“And behold, it is written, an eye for an eye, and a tooth for a tooth; But I say unto you, that ye shall not resist evil, but whosoever shall smite thee on thy right cheek, turn to him the other also;”
This is reforming the law of retaliation or lex talionis. When first adopted, the law of retaliation was designed to limit retribution. It was merciful in the context of the time. It prevented taking a life for an eye. The scope of the injury suffered put a limit on the scope of the retaliation permitted. I taught a class on this ancient law in the BYU Education Week some years ago. It is too much to cover in this post in order to fully understand the ramifications of this law.
The popular understanding of that law is quite a distortion. The injury permitted was not actually exacted under the law. “An eye for an eye” meant that the victim was entitled to take the eye of the one causing the injury. In practice the eye was not taken. The value of the eye was agreed upon between victim and perpetrator. They sealed the agreement before two witnesses in the gate of the city. Then the debtor was obligated to pay the agreed sum (called “satisfaction”). If he defaulted the elders could take the eye as penalty for the default in payment, which stood as collateral for the debt.
Payment of “satisfaction” was permitted and given for offenses under the lex talionis except in the case of a limited class of offenses, including murder. (Numbers 35: 31-32.) In such cases it was considered too dangerous to allow satisfaction, and therefore the penalty needed to be carried out.
Here, Christ is replacing that entire body of law by substituting forgiveness and mercy for justice and recompense. The victim is being urged to seek nothing in return for his injury. Instead, the victim is to bear the injury and allow evil against themselves without retaliation for the offense.
This may seem odd, even wrong. However, there is an example of this in the Book of Mormon. Although many lives were lost in the process, it resulted in the salvation of many souls. The Anti-Lehi-Nephites were unwilling to take up arms to defend themselves, instead allowing their enemies to slay them. The result broke the hearts of those who were killing them, and many were converted by this example. (See Alma 24: 19-27.) But the people of God were joined by more than the number who were slain.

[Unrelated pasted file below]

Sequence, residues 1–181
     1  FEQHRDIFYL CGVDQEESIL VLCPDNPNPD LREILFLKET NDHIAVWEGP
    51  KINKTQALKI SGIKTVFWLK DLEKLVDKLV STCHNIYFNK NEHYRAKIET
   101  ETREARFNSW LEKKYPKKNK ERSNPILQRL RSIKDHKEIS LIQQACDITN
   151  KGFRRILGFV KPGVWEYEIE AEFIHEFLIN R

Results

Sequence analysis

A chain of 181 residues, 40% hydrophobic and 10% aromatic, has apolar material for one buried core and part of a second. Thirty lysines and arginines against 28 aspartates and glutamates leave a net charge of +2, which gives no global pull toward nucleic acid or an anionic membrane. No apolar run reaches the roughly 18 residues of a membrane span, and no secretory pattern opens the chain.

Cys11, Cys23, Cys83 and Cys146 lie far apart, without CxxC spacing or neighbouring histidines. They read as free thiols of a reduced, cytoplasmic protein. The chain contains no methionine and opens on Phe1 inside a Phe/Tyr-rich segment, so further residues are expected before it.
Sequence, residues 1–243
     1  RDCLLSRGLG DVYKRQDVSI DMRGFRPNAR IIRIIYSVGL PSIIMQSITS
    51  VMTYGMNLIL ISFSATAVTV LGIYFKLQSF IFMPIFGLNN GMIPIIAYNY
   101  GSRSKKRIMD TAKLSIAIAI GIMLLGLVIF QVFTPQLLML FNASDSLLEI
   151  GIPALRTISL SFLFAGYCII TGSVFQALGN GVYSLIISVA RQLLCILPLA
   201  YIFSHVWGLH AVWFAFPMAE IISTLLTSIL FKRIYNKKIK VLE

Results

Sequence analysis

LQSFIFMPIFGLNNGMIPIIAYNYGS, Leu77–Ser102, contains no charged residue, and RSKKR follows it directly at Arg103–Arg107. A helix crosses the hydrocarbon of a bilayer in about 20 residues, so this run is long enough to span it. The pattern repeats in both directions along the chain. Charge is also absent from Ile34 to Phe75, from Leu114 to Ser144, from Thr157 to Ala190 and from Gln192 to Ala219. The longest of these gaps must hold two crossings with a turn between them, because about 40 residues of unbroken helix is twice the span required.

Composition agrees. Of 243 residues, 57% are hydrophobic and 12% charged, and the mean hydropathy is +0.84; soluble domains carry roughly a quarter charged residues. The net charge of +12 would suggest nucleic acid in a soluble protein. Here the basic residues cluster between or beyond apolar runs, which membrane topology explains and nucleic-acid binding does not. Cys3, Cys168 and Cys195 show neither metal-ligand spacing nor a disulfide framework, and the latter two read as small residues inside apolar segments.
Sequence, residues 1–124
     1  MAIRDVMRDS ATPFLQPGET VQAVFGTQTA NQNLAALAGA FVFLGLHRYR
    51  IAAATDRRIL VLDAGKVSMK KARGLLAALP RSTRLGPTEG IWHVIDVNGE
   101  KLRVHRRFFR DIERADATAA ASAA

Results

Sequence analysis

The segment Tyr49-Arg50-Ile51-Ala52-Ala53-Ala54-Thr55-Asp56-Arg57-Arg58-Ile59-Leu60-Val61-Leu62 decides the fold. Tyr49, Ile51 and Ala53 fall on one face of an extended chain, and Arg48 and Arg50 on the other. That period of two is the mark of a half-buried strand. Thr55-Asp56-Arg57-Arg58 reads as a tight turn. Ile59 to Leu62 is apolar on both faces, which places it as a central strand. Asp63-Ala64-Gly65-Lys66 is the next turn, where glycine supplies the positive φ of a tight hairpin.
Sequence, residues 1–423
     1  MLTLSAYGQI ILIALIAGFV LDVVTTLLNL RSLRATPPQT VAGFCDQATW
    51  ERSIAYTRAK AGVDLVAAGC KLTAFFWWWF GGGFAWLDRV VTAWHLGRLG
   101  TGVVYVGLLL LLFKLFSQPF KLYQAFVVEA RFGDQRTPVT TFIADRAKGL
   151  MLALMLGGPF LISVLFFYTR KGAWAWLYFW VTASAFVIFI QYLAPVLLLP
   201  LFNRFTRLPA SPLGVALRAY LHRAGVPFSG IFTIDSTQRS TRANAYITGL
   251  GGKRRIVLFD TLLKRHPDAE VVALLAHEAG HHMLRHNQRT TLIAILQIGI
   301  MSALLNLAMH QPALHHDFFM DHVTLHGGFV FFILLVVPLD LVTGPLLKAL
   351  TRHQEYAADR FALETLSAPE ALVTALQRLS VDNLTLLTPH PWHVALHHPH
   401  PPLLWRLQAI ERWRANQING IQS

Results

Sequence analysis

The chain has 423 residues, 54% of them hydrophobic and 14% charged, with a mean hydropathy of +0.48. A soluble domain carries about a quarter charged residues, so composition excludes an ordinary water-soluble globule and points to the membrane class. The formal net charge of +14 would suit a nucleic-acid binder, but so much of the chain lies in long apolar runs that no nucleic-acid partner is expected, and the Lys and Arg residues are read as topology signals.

The book by C. Terry Warner titled The Bonds That Make Us Free: Healing Our Relationships, Coming to Ourselves explains how the actions of those who forgive are able to break the hearts of those who are forgiven. There is not merely freedom in forgiving others, there is power in it as well. Terry Warner’s book is an examination of the principles of sin and forgiveness, and worth reading if you have not done so before.
We gain power by what things we suffer for the Lord’s sake. Christ who loved the most, sacrificed the most. Those two things are linked together.
This teaching was not only given by Christ, but it was lived by Him also. In this statement, as in no other, He is defining who He is and revealing what His conduct invariably will be. This is the Lord’s standard. This is the Lord’s manner. The choice of turning the other cheek is taken from the Messianic standard described by Isaiah. (Isa. 50: 6; also 53: 5.) We can also heal others by the things we willingly suffer. We can endure and forgive. As we do righteousness increases on the earth.
Saint Francis Assisi believed this, practiced it. In an age of darkness and apostasy, the Lord spoke with St. Francis, and sent angels to minister to him. He is appropriately referred to as a Saint. He lived the Sermon on the Mount. It is perhaps St. Francis, who above all others, proves a mortal may walk in the Lord’s steps. Christ did it first and more completely than would any other. But St. Francis surely followed.
I have little doubt that the Lord’s teachings are impractical in this world. But, then again, we are not called to live for this world, are we? The reason Zion always flees from this world is precisely because the Lord will not permit the world to overwhelm those who would surely be overthrown if not for His grace and protection. He will fight their battles to spare those in Zion from the necessity of becoming warlike. (D&C 105: 14.)
I am amused by the martial inclinations of the Latter-day Saints. When the lamb and lion lie down together I suppose many of the Latter-day Saints expect to be able to hunt them both.
You can judge another based on conduct. They either do or do not do something. The conduct is observable, and therefore capable of being judged. Now, however, Christ moves the battleground inside a person. It is now in the heart. On such terrain as that, man is incapable of knowing, and therefore, of judging.